Unlike the 2004 and 2006 elections when the minorities like Christians and Muslims were either divided or shifted towards the left, giving the LDF a thumping win, this time there is a swing to the other side. The CPM leadership, in its post-poll analysis, has accepted that the Christians have returned to the UDF fold this time, but feel the Muslims are still with the left. This is a wrong perception because what I have seen in the northern Muslim belt is a fast deterioration of relations between the Muslim masses and CPM for a variety of reasons.

Wednesday, April 8, 2009

The CPM Strategy Backfiring in Kerala Election: Notes from the campaign scene

AT THE initial stage of the present election process to the 15th Lok Sabha, on March 24, I had posted the following note in a discussion forum raising some of my doubts. I feel, three weeks into the campaign, it is time now to rethink the same issue once again:

A few days ago Dr. Santhakumar, an economist, had said he was witnessing some positive trends in Kerala's politics in this election. He appeared to have given much stress to the rise of new communal forces and their entry to left front, while parties like CPI, Janata Dal, and RSP were taking a beating.

I am unable to see a positive trend in this development, but I do see the current developments as the beginning of the end of the Left and Democratic Front in Kerala. It is more than 30 years old and it cannot withstand the shifting sands of politics in Kerla today. Hence a realignment of forces is natural and even to be welcomed.

My questions are as follows:

1. When Abdunnaser Madani and his PDP come to the centre stage in left politics, what would be the impact on traditional Hindu voters in the CPM? They are not a force to be ignored because in 1987 we know it was this segment which proved decisive in the left victory. It is also a fact that this lower middle class people, mainly Ezhavas and Nairs, etc, are a strong base for CPM in most places.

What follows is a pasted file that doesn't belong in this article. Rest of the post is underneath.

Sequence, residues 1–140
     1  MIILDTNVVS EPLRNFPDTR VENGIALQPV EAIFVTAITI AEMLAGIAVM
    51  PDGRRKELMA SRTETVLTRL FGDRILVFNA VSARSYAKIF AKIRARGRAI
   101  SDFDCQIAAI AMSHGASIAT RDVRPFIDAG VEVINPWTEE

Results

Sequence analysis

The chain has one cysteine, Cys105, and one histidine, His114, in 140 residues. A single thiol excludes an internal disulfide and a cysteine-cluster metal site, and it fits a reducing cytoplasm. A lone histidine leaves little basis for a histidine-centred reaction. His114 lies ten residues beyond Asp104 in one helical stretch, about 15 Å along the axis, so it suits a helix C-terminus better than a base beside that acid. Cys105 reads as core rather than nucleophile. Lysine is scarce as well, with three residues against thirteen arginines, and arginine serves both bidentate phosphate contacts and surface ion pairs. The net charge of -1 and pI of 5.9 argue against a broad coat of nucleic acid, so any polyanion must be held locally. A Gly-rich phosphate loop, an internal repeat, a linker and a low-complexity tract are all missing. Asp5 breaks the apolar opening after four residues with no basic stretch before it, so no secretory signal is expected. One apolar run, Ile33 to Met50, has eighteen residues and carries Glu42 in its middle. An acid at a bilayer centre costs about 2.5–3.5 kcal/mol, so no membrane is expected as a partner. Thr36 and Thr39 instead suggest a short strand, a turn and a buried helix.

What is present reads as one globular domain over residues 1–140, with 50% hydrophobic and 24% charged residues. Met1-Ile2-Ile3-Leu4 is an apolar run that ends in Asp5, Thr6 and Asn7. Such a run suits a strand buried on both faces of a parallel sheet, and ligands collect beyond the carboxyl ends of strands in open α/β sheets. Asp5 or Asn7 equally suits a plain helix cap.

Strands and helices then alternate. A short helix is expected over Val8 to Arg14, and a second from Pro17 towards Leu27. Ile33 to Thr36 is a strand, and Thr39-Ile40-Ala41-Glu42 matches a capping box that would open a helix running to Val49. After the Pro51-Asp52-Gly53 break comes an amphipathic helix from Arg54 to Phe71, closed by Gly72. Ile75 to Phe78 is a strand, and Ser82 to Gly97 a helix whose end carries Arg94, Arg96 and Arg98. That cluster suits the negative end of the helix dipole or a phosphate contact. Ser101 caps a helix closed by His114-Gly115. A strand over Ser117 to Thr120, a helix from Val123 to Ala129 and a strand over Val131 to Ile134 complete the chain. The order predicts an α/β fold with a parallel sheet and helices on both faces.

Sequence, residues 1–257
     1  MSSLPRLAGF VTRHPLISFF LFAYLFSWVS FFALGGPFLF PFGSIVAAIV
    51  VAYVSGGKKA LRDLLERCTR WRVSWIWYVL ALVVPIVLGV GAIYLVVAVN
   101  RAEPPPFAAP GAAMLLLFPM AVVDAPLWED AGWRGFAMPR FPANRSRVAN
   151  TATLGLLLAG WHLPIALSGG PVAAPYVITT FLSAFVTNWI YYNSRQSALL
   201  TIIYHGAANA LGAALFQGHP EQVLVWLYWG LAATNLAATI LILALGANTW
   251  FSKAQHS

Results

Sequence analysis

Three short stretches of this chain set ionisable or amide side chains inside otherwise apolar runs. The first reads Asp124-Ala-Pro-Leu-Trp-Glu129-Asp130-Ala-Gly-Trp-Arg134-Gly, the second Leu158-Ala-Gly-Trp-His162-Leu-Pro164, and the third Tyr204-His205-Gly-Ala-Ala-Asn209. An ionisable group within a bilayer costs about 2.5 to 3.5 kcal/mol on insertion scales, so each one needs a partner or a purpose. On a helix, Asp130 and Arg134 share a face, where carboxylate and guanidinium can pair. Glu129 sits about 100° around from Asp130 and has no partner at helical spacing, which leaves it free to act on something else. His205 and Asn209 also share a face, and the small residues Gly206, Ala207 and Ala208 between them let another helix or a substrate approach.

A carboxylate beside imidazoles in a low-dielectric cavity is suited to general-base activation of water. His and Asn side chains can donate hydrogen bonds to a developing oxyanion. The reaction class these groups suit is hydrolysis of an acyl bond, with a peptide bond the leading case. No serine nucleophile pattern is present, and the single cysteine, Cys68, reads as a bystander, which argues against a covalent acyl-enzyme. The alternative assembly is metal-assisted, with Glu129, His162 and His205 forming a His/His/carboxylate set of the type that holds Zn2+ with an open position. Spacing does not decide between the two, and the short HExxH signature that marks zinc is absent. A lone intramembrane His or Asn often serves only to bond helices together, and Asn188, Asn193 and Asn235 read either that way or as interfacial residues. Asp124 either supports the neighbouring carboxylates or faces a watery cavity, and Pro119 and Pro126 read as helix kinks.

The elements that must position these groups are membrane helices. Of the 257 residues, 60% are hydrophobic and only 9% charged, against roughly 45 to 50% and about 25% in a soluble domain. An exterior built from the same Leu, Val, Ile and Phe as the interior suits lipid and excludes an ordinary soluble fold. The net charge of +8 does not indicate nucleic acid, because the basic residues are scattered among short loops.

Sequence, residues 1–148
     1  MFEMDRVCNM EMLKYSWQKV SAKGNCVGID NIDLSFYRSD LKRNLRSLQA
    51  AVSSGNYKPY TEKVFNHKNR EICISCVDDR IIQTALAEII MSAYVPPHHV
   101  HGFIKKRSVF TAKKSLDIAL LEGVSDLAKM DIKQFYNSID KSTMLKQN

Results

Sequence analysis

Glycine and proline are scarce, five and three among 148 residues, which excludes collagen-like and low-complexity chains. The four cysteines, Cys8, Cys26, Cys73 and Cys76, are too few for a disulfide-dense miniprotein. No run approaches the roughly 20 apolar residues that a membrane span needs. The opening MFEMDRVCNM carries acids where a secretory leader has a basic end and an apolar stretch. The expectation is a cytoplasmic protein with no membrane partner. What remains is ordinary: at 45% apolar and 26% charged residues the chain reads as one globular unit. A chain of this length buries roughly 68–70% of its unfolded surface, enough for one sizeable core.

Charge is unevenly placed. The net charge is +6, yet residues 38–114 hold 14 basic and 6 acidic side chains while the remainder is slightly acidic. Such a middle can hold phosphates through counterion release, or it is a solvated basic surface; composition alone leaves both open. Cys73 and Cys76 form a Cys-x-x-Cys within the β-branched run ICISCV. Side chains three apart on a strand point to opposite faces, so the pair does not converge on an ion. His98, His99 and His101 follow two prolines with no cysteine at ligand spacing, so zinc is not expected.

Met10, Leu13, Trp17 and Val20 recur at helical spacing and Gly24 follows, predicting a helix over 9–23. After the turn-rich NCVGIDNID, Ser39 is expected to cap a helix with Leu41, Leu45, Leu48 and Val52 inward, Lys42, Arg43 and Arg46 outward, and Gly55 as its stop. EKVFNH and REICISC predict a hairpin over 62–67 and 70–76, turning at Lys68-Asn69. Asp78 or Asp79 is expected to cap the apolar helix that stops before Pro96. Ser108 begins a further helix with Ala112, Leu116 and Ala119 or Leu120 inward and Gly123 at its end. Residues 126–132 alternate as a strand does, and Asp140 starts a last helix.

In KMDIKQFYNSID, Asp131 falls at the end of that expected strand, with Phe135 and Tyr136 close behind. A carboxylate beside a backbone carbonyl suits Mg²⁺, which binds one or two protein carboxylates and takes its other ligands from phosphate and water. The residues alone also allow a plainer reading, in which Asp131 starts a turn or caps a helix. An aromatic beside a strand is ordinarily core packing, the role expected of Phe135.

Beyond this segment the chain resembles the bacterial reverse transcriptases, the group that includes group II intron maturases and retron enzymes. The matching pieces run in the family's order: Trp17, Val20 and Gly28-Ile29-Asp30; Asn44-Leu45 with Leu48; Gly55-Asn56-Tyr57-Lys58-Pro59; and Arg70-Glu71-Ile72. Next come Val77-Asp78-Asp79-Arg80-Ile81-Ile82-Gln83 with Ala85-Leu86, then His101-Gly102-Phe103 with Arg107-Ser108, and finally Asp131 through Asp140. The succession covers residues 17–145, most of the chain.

2. Now that Raman Pillai's Jana Paksham has joined forces with CPM, what impact they will have on the traditional left supporters? Have they ever openly rejected their past, the violent Hindutva politics that they practiced?

3. What impact the CPM dissidents will have in this election? I personally feel that in Vatakara, Kozhikode and Palakkad, where they have strong candidates, they will win decisive number of votes.

4. Is it time for the left forces to abandon their traditional secular and leftist image and don a right-wing, communal conglomerate image, something which they always accused of UDF in the past? Is the secular politics so discredited in our society that even the left can safely abandon its strong points of the past?

These points were made three weeks ago. Now the situation seems to be a bit more clear. And what do we see now?

I feel the CPM strategy of unscrupulous alliance with communal forces of both the Hindu and Islamic variety has backfired. Two days ago, I saw Prakash Karat, CPM general secretary, making it clear that there is no alliance with Madani and what he was given to understand by the State CPM secretary was that the PDP would carry out their campaign separately. It seems either the CPM has changed its strategy of open combined campaign which Pinarayi inaugurated in Ponnani or that the CPM general secretary is distancing himself from what his state counterpart did here.

The second aspect is that there is a very clear consolidation of Muslim votes in the north, especially since the CPM has been trying to cut into the Muslim vote base in Malappuram and Ponnnani. Right now it appears the IUML will win not only Ponnani, but could re-capture Malappuram (earlier Mnajeri) which the CPM had won in 2004.

The third point is is, the rebel CPM is proving to a force to reckon with. Their campaign in Vatakara, Kozhikode and Palakkad, etc, is very effective and they threaten to seriously cut into the vote base of CPM. I hear reports and personal comments from a number of comrades who are reluctant to vote for the party this time and watching the campaign scene, it is evident the CPM cadres are not yet active in the field.

Friday, April 3, 2009

It's Manifesto Time Now

Congress manifesto promises rice at Rs. 3 a kg; BJP at Rs. 2 a kg: news

Who said promises need to be kept...?